DETROIT (AP) — Senate Democrats’ surprise deal on a slimmed-down bill to support families, strengthen infrastructure and fight climate change is also likely to boost electric vehicle sales.
The measure, approved by Senate Majority Leader Chuck Schumer and West Virginia Sen. Joe Manchin, would give electric vehicle buyers a $7,500 tax credit starting next year through the end of 2032 to help move the middle class help become electric.
But as is often the case in Washington, there’s a bunch of strings and asterisks.
To be eligible, the electric vehicle must be assembled in North America and there are restrictions on the annual income of the buyer. There are also caps on sticker prices for new EVs — $80,000 for pickups, SUVs and vans and $55,000 for other vehicles — and a $25,000 cap on the price of used EVs.
Still, despite the restrictions, the loans should help boost electric vehicle sales, which are already rising as automakers introduce more models of different sizes and price points, said Jessica Caldwell, an analyst at Edmunds.com.
“The electric vehicle tax credits in the bill will benefit consumers and lower costs for low- and middle-income families,” the Sierra Club said of the measure, which is pending approval by both chambers. “We hope for a quick adoption.”
In the first half of this year, electric vehicles accounted for about 5% of U.S. new car sales, with 46 models listed for sale. S&P Global Mobility expects this to reach 8% next year, 15% by 2025 and 37% by 2030.
Currently, many new electric vehicles, including two of sales leader Tesla’s four models, would not qualify for the credits because their prices are above the bill’s limits, Caldwell said. But the number of eligible vehicles will increase as automakers release more mainstream electric vehicles over the next few years, she said.
“I would imagine those price ranges will become a lot more realistic in the coming years when you’re likely to have more vehicles that fall within those parameters,” Caldwell said.
Several automakers, including Ford and Hyundai, already have them valued at $40,000, and General Motors plans to start selling a small Chevrolet SUV for about $30,000 next year with a range of about 300 miles per charge to start.
Also, there aren’t many used EVs priced under $25,000 just yet, and those are mostly older, with lower ranges per charge, Caldwell said, noting that a 5-year-old small Chevrolet Bolt EV — one of the lowest — budget electric vehicles on the road — will likely cost more than $25,000.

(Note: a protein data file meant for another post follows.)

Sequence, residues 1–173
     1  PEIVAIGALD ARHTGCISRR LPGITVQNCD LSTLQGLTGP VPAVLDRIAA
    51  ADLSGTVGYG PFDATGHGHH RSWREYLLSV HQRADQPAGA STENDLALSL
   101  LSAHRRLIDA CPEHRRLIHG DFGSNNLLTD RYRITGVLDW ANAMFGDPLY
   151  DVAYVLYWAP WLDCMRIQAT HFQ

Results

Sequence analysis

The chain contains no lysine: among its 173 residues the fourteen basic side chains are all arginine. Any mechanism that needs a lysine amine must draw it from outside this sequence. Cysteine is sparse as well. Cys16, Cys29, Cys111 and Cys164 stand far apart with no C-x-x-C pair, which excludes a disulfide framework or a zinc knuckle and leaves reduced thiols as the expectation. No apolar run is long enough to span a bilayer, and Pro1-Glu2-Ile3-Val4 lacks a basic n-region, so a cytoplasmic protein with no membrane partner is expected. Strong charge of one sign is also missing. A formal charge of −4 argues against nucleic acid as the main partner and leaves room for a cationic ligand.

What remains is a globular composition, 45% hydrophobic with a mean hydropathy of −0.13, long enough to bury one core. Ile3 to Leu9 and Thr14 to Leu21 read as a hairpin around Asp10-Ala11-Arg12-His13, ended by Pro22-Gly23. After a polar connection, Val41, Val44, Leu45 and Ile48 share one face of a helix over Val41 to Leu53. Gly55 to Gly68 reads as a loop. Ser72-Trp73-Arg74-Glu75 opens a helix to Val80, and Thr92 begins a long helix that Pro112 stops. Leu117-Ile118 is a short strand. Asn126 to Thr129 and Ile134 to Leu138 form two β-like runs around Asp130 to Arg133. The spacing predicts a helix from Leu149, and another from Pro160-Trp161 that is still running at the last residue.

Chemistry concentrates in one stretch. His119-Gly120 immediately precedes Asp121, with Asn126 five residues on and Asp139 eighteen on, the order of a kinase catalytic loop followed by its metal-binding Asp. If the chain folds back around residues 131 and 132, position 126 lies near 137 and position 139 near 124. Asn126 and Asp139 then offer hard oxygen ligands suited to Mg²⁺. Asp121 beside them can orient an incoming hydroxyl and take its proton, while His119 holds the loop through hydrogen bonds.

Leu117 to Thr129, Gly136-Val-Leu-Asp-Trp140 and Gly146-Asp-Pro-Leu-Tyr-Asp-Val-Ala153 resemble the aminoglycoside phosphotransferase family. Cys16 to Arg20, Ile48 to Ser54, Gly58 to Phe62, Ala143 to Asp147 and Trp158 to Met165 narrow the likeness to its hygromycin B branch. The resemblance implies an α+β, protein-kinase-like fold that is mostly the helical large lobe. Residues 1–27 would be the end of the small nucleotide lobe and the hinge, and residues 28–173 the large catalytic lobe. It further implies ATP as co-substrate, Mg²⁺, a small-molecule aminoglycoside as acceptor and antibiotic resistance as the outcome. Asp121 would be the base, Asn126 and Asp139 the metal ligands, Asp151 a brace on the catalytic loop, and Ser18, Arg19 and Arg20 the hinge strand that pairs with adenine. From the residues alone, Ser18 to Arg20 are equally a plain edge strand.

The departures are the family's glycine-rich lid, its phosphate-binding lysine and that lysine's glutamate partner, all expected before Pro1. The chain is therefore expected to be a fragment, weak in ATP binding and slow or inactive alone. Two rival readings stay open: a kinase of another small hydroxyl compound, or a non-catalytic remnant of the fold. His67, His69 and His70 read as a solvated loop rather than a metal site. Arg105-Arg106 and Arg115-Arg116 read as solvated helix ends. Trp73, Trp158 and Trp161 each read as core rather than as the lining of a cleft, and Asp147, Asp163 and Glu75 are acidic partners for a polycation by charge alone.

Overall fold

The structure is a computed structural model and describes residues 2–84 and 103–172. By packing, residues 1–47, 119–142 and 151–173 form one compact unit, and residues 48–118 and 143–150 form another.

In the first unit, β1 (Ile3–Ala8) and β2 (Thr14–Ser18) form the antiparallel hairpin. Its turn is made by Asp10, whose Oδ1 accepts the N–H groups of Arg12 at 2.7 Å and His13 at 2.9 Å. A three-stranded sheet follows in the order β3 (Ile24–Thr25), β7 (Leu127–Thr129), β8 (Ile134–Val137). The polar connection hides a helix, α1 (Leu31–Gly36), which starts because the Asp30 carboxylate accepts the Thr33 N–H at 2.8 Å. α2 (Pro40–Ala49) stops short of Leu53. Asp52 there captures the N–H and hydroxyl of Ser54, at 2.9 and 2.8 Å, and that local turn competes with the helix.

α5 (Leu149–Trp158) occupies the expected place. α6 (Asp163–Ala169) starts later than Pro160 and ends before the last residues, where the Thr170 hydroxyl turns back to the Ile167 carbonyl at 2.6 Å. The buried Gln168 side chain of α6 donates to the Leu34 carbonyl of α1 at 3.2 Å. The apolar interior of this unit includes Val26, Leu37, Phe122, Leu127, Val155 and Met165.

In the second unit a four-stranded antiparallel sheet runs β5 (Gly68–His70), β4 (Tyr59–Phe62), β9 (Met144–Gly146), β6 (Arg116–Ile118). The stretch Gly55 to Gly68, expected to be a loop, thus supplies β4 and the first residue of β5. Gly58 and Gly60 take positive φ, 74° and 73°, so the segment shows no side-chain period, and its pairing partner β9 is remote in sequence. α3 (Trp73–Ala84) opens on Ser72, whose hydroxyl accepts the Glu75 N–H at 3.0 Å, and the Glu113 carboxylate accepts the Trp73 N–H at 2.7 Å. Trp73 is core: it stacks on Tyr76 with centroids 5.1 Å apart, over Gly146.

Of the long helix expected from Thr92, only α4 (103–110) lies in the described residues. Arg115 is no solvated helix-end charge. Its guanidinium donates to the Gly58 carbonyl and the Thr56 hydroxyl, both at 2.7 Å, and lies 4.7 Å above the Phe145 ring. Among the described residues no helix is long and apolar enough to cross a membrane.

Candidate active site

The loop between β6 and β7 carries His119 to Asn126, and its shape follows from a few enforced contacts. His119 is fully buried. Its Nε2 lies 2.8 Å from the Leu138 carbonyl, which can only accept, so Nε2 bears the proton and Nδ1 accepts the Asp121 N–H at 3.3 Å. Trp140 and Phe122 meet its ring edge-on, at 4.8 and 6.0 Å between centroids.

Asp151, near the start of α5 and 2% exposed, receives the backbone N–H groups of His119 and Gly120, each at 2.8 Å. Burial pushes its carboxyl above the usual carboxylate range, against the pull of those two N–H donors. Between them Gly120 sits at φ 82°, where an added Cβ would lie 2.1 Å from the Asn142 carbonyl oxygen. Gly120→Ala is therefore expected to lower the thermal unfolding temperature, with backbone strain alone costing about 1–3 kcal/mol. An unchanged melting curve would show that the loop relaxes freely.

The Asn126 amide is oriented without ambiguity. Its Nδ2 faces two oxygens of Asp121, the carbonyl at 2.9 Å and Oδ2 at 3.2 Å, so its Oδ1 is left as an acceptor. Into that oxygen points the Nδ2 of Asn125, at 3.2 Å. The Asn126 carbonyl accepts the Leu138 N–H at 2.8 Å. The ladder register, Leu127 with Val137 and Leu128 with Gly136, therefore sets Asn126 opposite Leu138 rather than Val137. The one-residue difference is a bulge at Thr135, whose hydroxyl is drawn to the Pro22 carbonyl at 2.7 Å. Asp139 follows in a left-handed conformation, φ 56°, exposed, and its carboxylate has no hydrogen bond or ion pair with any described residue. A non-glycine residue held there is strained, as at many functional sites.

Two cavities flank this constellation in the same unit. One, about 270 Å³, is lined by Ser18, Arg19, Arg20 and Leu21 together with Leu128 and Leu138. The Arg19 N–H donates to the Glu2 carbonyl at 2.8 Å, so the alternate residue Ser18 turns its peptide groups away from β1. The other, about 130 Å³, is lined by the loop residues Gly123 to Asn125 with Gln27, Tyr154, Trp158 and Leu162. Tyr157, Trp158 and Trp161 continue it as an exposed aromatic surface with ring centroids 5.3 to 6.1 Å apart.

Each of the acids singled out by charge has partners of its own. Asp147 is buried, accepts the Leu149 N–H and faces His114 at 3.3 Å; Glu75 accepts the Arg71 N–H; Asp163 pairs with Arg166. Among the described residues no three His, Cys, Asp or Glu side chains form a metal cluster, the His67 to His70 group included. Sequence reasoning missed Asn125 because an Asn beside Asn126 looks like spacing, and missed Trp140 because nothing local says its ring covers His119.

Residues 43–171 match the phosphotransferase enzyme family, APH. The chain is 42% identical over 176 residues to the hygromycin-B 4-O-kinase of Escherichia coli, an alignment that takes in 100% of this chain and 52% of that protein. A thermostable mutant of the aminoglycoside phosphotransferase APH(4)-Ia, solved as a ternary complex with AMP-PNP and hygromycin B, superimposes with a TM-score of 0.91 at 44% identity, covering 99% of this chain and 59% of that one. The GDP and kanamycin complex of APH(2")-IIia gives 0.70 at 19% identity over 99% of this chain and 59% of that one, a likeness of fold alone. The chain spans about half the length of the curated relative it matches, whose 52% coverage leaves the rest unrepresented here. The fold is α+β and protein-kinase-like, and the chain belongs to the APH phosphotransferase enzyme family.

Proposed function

“It seems like this should be something that might need an overhaul to make more sense given today’s market,” she said.
To receive the credit, new electric vehicle buyers must have unmodified adjusted gross incomes greater than $300,000 per year when filing joint tax returns, $225,000 for a head of household, and $150,000 for all taxpayers not to belong to the first two categories.
For used EVs, the income limits are $150,000 if a joint statement is filed, $112,500 for a householder, and $75,000 for others not in the first two categories.
The bill also removes caps on the number of tax credits each manufacturer can offer. General Motors, Tesla and Toyota have all breached the cap and are now unable to offer credit as part of an earlier measure. But other manufacturers also offer them.
Additionally, more than half the value of battery components must be manufactured or assembled in North America to receive full recognition. And at least 40% of the minerals used in batteries must come from either the US or a country with which it has a free trade agreement. These percentages gradually increase over the years, and minerals recycled from used batteries in North America also qualify.
Loans would also go to buyers of hydrogen fuel cell and plug-in hybrid vehicles. Plug-ins can drive several kilometers purely electrically before the gas-electric hybrid powertrain kicks in.
The EV tax credits are much smaller than several Democratic automaker lawmakers had previously proposed. Gone are extra credits for electric vehicles made in the US by union workers.